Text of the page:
Deadly protests in Kenya

Op­po­si­tion al­leges vote hack­ing

North Bay Nugget - - WORLD NEWS - Tom odula and ChrisTo­pher TorChia

NAIROBI, Kenya — Kenya’s elec­tion took an omi­nous turn on Wed­nes­day as vi­o­lent protests erupted in the cap­i­tal and else­where af­ter op­po­si­tion leader Raila Odinga al­leged fraud, say­ing hack­ers used the iden­tity of a mur­dered of­fi­cial to in­fil­trate the data­base of the coun­try’s elec­tion com­mis­sion and ma­nip­u­late re­sults.

With re­sults from al­most all of the polling sta­tions counted, Pres­i­dent Uhuru Keny­atta was shown with a wide lead over Odinga in his bid for a sec­ond term.

Soon af­ter Odinga spoke on tele­vi­sion, an­gry pro­test­ers in slums of Nairobi and the op­po­si­tion strong­hold of Kisumu in the south­west burned tires, set up road­blocks and clashed with po­lice, wit­nesses said.

Two peo­ple were shot dead in Nairobi as they took ad­van­tage of the protests to steal, Nairobi po­lice chief Japheth Koome said. An As­so­ci­ated Press pho­tog­ra­pher said one was shot in the head. Po­lice killed one per­son when they opened fire on pro­test­ers in an­other op­po­si­tion strong­hold in Kisii county, said Leonard Katana, a re­gional po­lice com­man­der.

Many parts of Kenya, East Africa’s com­mer­cial hub, were calm a day af­ter the elec­tions for pres­i­dent and more than 1,800 other posts down to the county level. But the vi­o­lence stirred mem­o­ries of the un­rest fol­low­ing the 2007 vote in which more than 1,000 peo­ple were killed. Odinga lost that elec­tion; he also lost the 2013 vote to Keny­atta and took al­le­ga­tions of vote-tam­per­ing to the Supreme Court, which rejected his case.

Odinga, a former prime min­is­ter, blamed Keny­atta’s Ju­bilee Party for the al­leged hack­ing of the elec­tion data­base.

“The fraud Ju­bilee has per­pet­u­ated on Kenyans sur­passes any level of voter theft in our coun­try’s his­tory. This time we caught them,” he tweeted. He also posted on­line what he said were com­puter logs prov­ing his al­le­ga­tion.

Odinga claimed that hack­ers used the iden­tity of Christo­pher Msando, an elec­tion of­fi­cial in charge of man­ag­ing in­for­ma­tion tech­nol­ogy sys­tems. On July 31, of­fi­cials an­nounced that Msando had been tor­tured and killed, alarm­ing Kenyans who feared a re­cur­rence of po­lit­i­cal vi­o­lence that has been fu­eled by eth­nic di­vi­sions.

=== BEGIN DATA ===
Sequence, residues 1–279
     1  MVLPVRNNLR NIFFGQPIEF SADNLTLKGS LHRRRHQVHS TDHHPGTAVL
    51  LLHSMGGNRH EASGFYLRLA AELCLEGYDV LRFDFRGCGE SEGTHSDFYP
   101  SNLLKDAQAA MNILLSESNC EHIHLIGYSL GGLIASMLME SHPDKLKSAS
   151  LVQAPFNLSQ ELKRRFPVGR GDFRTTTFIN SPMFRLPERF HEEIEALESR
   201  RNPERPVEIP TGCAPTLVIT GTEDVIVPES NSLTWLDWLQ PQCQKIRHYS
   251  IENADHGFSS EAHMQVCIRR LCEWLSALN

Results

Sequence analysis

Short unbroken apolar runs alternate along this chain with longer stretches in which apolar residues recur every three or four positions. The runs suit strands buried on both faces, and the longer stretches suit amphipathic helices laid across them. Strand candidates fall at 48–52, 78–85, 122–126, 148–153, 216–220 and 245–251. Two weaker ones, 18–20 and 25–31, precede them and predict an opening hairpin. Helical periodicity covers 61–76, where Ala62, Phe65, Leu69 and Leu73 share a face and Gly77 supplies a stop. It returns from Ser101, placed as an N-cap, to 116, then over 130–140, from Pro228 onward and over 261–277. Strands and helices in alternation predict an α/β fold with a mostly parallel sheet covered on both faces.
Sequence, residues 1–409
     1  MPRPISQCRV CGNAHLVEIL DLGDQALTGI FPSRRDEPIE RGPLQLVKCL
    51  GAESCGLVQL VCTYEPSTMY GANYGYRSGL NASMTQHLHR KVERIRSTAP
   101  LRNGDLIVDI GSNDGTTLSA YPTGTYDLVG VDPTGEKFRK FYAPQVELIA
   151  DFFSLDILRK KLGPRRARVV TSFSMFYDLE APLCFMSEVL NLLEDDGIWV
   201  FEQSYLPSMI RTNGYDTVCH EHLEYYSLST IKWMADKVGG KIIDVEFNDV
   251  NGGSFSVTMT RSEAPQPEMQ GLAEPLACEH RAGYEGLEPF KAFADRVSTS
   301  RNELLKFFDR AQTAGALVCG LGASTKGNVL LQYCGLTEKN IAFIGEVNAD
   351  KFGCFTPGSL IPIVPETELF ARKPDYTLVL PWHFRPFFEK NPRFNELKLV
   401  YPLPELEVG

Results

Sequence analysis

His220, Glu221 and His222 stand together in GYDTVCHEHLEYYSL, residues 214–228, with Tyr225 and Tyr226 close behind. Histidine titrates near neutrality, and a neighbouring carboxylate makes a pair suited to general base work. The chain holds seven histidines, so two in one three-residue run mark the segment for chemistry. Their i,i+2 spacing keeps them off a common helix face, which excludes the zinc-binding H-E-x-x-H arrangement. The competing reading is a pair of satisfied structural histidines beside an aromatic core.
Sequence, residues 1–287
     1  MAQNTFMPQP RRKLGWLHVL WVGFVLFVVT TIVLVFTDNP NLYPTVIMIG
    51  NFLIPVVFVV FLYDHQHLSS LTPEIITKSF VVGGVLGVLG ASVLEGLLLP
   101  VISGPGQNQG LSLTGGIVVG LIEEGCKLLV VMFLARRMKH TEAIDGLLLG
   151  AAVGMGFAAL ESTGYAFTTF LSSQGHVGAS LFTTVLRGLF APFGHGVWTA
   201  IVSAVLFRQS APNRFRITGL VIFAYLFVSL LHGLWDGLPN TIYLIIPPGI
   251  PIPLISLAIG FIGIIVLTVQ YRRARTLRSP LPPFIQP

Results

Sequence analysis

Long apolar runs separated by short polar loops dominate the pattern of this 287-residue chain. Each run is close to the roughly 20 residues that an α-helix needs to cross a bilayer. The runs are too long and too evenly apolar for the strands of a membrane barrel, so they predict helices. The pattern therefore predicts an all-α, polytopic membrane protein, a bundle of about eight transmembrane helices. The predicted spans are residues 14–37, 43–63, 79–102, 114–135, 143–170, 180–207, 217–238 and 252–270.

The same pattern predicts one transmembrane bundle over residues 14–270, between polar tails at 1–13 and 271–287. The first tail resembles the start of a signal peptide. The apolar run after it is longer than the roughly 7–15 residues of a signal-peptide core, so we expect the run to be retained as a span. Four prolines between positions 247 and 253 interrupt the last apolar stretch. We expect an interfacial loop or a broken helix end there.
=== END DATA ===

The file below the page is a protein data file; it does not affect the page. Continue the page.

A Tues­day morn­ing en­try in the pur­ported com­puter logs that Odinga posted on Face­book reads: “Lo­gin failed for user ‘msando’. Rea­son: The pass­word of the ac­count must be changed.”

Rafael Tuju, a top of­fi­cial in Keny­atta’s party, said the op­po­si­tion’s claims were un­founded.

Kenya’s elec­tion com­mis­sion said it will in­ves­ti­gate Odinga’s al­le­ga­tions. “For now, I can­not say whether or not the sys­tem has been hacked,” said Wa­fula Che­bukati, the com­mis­sion chair­man.

Keny­atta was lead­ing with 54.35 per cent and Odinga had 44.77 per cent af­ter votes at more than 39,320 of the 40,883 polling sta­tions were counted, ac­cord­ing to the elec­tion com­mis­sion.

In the city of Kisumu, po­lice used tear gas and shot at pro­test­ers who were up­set af­ter Odinga’s fraud al­le­ga­tions, said de­mon­stra­tor Sebastian Omolo.

“He is not ac­cept­ing the re­sults and that is why we are on the streets, but po­lice have started shoot­ing,” Omolo said.

Kisumu shop­keeper Fes­tus Od­hi­ambo said he was pray­ing for peace even as pro­test­ers blocked roads into city slums with bon­fires and boul­ders.

The western port city on Lake Vic­to­ria has been a flash­point in past elec­tions.

Kenya’s in­te­rior min­is­ter, Fred Ma­tiangi, warned against the use of so­cial me­dia to stoke tensions. Of­fi­cials have said it was un­likely they would shut down the in­ter­net but said they might shut down some so­cial me­dia if nec­es­sary to calm hate speech and in­cite­ment.

“We as­sure Kenyans and all res­i­dents, the coun­try is safe and I urge ev­ery­one to go on freely with their daily chores,” Ma­tiangi said.

Odinga’s run­ning mate, Kalonzo Musyoka, also called for re­straint as the fraud al­le­ga­tions arein­ves­ti­gated.

“There may come a time we may have to call you to ac­tion,” Musyoka said. “But for now it is im­por­tant we be strate­gic as we delve deep into this mat­ter.”

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